"Bad for Families"

At the store on Saturday egg nog was on sale for 50 cents, and it reminded me of another time when egg nog was on sale, and how it led to me meeting Birch Miller. It was the winter in either 2000 or 2001, probably 2001, since eggnog season had ended and it had gone one sale for good. I was at the big Kroger on College Mall road with Brigid Hendricks and we were near the checkout and she said "Oh, there's my friend Birch" and she pointed to this guy who had a whole bunch of eggnog. He said it was on sale so he was stocking up. We talked for a minute, and the conversation invariably turned to the topic of the new U-Scan self checkout system. Birch said "Don't use those, they're bad for families." I said "What?" and he said "They're bad for working families."

I don't really know why, but this phrase "bad for families" really left an impression in my mind. Whenever I saw Birch after that, I had to bring up the "bad for families" thing. If he was locking up his bike outside the Secret Sailor, I said to him "Don't do that, that's bad for families." Didn't really matter what it was, I would always bring it up. After a while I got the feeling that he didn't like me. But now we are pretty good friends, and I pretty much never bring up the "bad for families" thing.

U-Scan checkouts are everywhere. I still think they're kind of annoying.

Here is a picture of Birch's burning misspelled UITS ID badge.

Burning Birtch

I have no idea why egg nog is on sale, or why it is even available yet. Next to the regular eggnog, there was some pumpkin eggnog, obviously for Halloween I guess, but I'm not sure how that would taste. Has anyone out there tried it? Is it any good? It might go on sale soon. If it went to waste that would be bad for working families.

Sunday, November 11, 2007

Thursday, November 08, 2007

Double Caveman Movie Review!


A documentary about a guy who tries to visit every single Starbucks.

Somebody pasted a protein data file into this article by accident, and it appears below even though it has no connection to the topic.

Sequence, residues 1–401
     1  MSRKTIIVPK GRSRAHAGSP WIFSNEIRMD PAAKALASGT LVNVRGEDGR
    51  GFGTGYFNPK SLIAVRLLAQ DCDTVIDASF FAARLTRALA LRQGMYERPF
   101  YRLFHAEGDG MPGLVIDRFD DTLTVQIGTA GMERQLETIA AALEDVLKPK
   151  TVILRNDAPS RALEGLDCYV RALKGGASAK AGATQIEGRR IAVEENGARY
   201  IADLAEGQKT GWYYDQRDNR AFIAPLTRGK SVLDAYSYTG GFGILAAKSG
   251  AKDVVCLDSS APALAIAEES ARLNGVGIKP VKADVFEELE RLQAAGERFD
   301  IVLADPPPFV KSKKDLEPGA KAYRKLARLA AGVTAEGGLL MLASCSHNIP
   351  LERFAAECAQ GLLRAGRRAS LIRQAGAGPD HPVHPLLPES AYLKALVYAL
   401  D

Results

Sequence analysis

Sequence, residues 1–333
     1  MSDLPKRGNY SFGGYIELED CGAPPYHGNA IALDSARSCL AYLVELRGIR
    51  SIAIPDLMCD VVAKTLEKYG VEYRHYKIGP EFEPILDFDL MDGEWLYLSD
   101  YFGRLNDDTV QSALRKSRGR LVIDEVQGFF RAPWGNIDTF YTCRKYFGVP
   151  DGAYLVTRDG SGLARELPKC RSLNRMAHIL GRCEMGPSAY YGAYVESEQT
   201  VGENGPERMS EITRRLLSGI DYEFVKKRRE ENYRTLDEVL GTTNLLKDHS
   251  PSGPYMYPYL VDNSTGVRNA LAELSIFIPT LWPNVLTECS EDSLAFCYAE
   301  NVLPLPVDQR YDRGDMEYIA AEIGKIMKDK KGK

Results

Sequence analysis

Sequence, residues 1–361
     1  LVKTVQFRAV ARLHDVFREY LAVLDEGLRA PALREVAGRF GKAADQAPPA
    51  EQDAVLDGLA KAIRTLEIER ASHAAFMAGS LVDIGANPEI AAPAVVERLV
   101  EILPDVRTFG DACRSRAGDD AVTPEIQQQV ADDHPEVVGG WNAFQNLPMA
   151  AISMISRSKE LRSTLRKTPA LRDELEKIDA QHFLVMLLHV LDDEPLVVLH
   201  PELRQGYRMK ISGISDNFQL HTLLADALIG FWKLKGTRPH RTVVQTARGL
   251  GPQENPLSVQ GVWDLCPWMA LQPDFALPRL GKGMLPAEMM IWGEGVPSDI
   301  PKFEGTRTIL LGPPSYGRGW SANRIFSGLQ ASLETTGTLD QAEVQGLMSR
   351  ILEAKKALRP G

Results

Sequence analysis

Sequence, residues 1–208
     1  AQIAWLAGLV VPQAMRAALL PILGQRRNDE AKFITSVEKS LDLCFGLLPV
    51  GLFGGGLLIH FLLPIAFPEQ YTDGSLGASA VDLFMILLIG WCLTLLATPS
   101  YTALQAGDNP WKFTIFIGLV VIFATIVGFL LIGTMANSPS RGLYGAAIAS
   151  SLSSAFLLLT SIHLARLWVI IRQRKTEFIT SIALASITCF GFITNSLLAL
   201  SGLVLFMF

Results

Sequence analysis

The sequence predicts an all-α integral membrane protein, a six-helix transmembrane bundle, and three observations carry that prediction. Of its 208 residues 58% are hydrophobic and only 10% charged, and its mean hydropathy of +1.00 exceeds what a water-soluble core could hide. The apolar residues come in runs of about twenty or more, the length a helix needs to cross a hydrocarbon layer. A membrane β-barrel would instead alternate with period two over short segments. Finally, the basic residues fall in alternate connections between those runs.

Dude is crazy.
Constantly jumping out of car, running into the middle of traffic.
I thought to myself, "He reminds me of one of the characters in Word Wars."
Then in the special features they show him at a Scrabble tournament.
For him, it's not about Starbucks, "It's about doing something different."
Still, he didn't look healthy.
Caffeine overload?
I loved pretty much every minute of this movie.

The Darjeeling Limited:

Jason Schwartzman always plays the same character.
But I guess so does Owen Wilson.
This was fun to watch though.
Wes Anderson is like pizza, even when it's bad, it's still pretty good.
I felt hate for all of the characters, every brother was a different brand of asshole.
Even their mom kinda bugged me.
But I guess we're all human.
And that's kind W.A.'s thing, lovable neurotics, jerks, etc.
Could have done without the heavy-handed baggage metaphor.
The funeral part was really cool though.
The part about their mom was kind of pointless.
But I guess that's why they went to India.
So they had to put it in or something.
Would watch again. But not pay for it.

My Book Report on Ben Stein's Lecture at IU

I never really had much of an opinion either way about Ben Stein, but the other day I saw a little card on my table when I was eating lunch that said that Ben Stein would be speaking for free at IU. The card said "yes, the guy from Ferris Bueller" and I thought that it sounded kind of fun but I realized that it was at the same time that I had band practice, so I wouldn't be able to go. Well, I found out that band practice was canceled while enjoying the rare treat of riding as a passenger in Torlando's car, and there was like 20 minutes before the lecture was supposed to start, so I had him drop me off at the auditorium and went in to see what it was all about. As I was sitting there, I remembered that I really don't know anything about Ben Stein, except that I kind of remember him being either really boring (as in Ferris Bueller) or a condescending a-hole (like on Win Ben Stein's money, or more recently, what I consider to possibly be the worst show in TV, America's Most Smartest Model [I do watch it]). I got a program, and it said that the event was sponsored by the College Republicans. Uh-oh! What had I gotten myself into? There was a bio of Mr. Stein, and I guess there is where things started to get a little more interesting for me. I didn't know that he holds a law degree, used to be a speech writer for Nixon, worked as an analyst on Wall Street, all of these things, before getting into show business.